Let me here inform the Masonic Brethern, that in Nauvoo Lodge, U. D., sixty three persons were balloted for in one ballot -- and three entered, three passed, and four raised, in one day, and the records made to appear as though only three were raised by ante-dating one. Robinson, Higbee and Henry Marks, can tell about this. Mr. Bowen, of Hannibal, Mo., a high Mason, can tell them (and he did tell the Junior Grand Warden, Mr. Dilts, of Quincy,) that Mr. Hollister was absent from there (Hannibal) at Nauvoo, only six or seven days, during which time he presented his petition and was entered, passed, and raised.

This was done by the direction of George Miller, the Master, by Joe's directions, and was affected by ante-dating and interlining the Old Record, as can be seen by examination. Their Dispensation should be immediately withdrawn, and a charter refused, and Miller and Joe expelled. Miller, that beautiful piece of perfection, shall be shown up in such a way as will make Masons tremble at their credulity in relying upon the statements of this Mormon High Priest; and HYRUM, that holy Patriarch, must have a few choice compliments served up for his special benefit in our own good time.

It may not be unimportant to remark here that CALVIN A WARREN, Esq., Smith's attorney in bankruptcy, admitted in presence of Dr. Marshall, of Carthage, the County Clerk of Hancock, that Joe's big deed was made out at the time I have stated in my last, the Saturday preceding the Monday on which he applied for the benefit, and on which it was filed for record. In what light will this place the Mormon Justice of the Peace, Ebenezer Robinson, in the ante-dating an official act under oath? I told you before, however, that the most of the Mormons would do, say, and swear to ANY THING that Joe Smith directed; and you now see it. Are you not now satisfied that most of them (tho' there are some purely honest in all these things who are kept in ignorance,) are liars, thieves, robbers, murderers, and every thing that is vile, low and groveling. On the 5th of July, the City Council under the Governor's warrant passed a Habeas Corpus act to take Joe Smith from under the Governor's warrant if demanded by Missouri!!! Congress should be very careful how they pass any act repugnant to the ordinances of Nauvoo -- as that Theocracy might exclude them from the celestial kingdom. This is a "pretty kettle of fish," for Joe Smith to issue a Habeas Corpus to take himself from under the Executive writ!! and that too for the darkest deeds known to the black catalogues of crimes.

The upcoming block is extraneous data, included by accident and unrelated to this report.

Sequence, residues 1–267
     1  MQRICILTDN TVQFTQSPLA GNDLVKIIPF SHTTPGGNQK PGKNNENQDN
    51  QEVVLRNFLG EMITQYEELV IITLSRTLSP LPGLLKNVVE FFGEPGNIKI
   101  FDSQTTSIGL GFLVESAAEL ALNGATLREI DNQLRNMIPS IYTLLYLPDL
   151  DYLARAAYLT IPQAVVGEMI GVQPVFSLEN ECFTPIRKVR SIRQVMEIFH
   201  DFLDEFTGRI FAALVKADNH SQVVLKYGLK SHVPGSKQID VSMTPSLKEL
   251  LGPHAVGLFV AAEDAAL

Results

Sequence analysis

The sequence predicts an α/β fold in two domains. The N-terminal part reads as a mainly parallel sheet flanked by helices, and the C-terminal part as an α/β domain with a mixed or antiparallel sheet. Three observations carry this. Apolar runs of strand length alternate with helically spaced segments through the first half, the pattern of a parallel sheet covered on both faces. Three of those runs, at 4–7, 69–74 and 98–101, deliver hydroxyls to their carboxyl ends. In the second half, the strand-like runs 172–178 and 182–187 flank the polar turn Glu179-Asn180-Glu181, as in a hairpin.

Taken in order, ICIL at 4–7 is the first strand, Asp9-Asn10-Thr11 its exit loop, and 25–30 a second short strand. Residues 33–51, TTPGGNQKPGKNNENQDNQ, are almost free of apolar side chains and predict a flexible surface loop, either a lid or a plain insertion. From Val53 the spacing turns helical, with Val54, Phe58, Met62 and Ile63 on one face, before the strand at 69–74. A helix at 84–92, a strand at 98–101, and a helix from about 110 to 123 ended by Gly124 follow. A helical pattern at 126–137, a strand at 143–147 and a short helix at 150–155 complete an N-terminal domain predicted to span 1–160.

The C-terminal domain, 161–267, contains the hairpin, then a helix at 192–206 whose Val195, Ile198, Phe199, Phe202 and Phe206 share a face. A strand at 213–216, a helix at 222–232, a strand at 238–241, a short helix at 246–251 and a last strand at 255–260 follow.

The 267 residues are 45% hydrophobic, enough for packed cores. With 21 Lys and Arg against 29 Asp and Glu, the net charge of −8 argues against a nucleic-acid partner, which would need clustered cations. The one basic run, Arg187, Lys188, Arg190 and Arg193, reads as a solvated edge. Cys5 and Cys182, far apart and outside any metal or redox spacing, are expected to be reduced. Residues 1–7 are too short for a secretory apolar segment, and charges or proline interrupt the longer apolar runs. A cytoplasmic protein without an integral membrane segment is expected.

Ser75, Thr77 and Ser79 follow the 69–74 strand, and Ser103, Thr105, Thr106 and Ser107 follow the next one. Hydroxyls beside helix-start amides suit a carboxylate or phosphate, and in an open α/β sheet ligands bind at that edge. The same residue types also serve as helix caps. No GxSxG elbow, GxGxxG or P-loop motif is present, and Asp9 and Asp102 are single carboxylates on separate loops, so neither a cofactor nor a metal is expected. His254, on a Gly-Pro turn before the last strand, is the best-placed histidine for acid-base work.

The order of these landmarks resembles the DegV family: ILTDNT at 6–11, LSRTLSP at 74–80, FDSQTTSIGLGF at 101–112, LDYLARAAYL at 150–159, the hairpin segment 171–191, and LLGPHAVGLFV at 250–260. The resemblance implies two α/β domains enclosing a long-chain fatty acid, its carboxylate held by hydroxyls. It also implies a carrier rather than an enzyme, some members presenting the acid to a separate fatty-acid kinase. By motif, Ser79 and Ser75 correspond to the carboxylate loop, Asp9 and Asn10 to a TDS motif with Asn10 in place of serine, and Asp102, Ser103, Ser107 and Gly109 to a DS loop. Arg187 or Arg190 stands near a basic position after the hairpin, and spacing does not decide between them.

There are about two hundred Danites in Nauvoo, sworn to regard Joe Smith as the supreme head of the church, and to obey him "the same as the Supreme God."

I have not time here to go into detail, but shall give a full account of them hereafter. As to my own case, I shall not attempt to refute any of the charges preferred against me by that combination of wicked men and devils, until I accomplish the work before me, (nothing shall divert me from my plans, then I will show up their lies in rather an unexpected way to them. When Missouri secures Joe, I shall be ready to make all my charges good against him.

Yours Respectfully,


Disclosures -- the attempted

To the Editors of the St. Louis Bulletin:

In accordance with your request I now proceed to give you some account of the attempt on the life of Ex-Governor Boggs, of Missouri.

Joseph Smith, the Mormon Prophet, in a public congregation in Nauvoo, last season, (1841), prophesied that Liburn W, Boggs, Ex-Governor of Missouri, should die by violent hands within a year. Mr. C. S. Hamilton, of Carthage, Ill. stated in my presence, and in the presence of several other gentlemen, at the tavern house of Mr. Robinson in Warsaw, Illinois, on Sunday, the 10th inst., that he was present and heard this prophecy; I was likewise present, as were many thousand people, and heard the prediction. The faithful,